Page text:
obvious point. If you don’t, that’s absolutely your right.

        • Michael O’Neil

          What you.completly miss is , that if we need to clean up the lake (which we do) and we need to pay for it (which we do) we need a plan that is going actually going to accomplish the cleanup and what the cost is going to be. Then we decide where the money is going to come from. That is where the hard choices come in. Most people when faced with having to put a new roof on their house can’t go out and expect to get money from their neighbors to put on the roof, they adjust their budget to accommodate the need. Problem in VT and elsewhere is that no one wants to adjust the budget. We continue to think that more taxes are the answer. As some others have already pointed out that there are considerable funds that are spent on failing programs that are nothing but reelection insurance. Most responsible citizens understand that taxes are a necessary component of society, and if shown everything that can be done is being done will support the common good. In this instance, that is not the case. Tough choices have to be made and real leadership is needed and whether or no we have it remains to be seen.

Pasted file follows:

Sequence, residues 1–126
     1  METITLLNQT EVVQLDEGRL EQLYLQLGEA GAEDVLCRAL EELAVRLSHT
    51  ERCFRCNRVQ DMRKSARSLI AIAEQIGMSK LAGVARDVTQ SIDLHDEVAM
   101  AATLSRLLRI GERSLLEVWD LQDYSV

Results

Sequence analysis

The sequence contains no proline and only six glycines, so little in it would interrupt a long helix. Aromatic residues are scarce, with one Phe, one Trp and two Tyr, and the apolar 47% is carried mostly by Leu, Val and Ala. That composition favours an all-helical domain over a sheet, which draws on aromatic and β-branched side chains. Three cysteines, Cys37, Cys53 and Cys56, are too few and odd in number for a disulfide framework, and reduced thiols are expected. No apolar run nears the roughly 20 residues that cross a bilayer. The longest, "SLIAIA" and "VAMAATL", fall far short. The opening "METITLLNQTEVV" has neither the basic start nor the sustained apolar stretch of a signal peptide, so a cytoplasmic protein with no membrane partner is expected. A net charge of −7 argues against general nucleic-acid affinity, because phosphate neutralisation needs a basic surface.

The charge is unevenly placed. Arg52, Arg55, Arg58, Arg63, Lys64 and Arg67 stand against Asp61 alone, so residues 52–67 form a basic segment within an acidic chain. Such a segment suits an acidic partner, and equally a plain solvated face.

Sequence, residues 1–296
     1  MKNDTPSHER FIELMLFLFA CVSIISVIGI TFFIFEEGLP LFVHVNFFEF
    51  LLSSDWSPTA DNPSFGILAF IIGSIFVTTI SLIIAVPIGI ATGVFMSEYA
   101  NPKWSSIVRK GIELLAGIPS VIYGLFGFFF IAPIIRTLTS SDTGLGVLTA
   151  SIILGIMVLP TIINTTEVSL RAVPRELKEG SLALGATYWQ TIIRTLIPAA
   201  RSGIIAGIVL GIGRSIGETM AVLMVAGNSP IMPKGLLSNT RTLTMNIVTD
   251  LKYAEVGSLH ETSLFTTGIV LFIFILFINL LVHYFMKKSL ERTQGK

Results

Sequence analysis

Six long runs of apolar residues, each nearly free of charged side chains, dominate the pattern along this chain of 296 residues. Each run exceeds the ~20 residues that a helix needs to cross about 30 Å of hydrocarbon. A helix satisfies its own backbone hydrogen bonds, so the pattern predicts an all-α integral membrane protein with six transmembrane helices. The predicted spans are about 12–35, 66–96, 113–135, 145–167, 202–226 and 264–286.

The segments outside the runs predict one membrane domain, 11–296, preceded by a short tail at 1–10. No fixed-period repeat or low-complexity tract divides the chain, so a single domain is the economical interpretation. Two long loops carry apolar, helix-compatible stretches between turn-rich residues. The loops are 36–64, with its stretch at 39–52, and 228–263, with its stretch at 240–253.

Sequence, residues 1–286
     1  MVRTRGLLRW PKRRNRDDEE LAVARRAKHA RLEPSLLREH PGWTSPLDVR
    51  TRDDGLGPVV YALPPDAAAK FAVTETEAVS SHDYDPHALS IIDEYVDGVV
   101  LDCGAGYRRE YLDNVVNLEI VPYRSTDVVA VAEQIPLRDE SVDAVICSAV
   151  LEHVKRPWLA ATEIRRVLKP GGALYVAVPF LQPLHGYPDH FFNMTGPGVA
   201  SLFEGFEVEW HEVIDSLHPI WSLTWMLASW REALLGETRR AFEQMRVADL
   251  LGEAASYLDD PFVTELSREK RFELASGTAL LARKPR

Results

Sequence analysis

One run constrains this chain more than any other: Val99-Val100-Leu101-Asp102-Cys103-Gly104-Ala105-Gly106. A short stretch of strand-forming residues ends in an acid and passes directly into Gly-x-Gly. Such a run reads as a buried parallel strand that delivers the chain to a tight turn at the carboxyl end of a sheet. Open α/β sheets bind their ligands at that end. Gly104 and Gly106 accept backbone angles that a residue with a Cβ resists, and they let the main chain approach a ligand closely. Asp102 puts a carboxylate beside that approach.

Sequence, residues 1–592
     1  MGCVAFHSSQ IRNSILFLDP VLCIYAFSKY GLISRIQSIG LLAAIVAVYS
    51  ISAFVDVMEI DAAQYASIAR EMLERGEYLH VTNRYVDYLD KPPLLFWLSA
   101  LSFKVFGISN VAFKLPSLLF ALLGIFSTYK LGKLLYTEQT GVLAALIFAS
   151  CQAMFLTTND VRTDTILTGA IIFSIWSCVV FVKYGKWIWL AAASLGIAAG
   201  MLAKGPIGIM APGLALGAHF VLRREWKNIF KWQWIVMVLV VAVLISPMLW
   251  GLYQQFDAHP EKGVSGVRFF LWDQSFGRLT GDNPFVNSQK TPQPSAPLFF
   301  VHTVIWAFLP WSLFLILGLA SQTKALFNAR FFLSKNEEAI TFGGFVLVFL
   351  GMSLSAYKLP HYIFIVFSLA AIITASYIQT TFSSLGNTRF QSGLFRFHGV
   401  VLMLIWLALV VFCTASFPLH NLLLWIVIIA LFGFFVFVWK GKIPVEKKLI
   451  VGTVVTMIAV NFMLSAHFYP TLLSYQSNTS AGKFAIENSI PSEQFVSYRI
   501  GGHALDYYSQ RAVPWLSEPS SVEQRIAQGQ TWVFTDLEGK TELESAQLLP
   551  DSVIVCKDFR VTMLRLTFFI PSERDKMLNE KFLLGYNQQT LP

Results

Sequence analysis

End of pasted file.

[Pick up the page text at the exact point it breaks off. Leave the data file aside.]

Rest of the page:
• JohnGreenberg

            Michael O’Neil:

            At last, replies to both queries: we need to clean up the lake and to pay for it.

            From your answers here and below, I gather you prefer to cut spending elsewhere in the budget rather than raising taxes. Fine. But you don’t provide even a slight clue as to WHICH spending we should cut.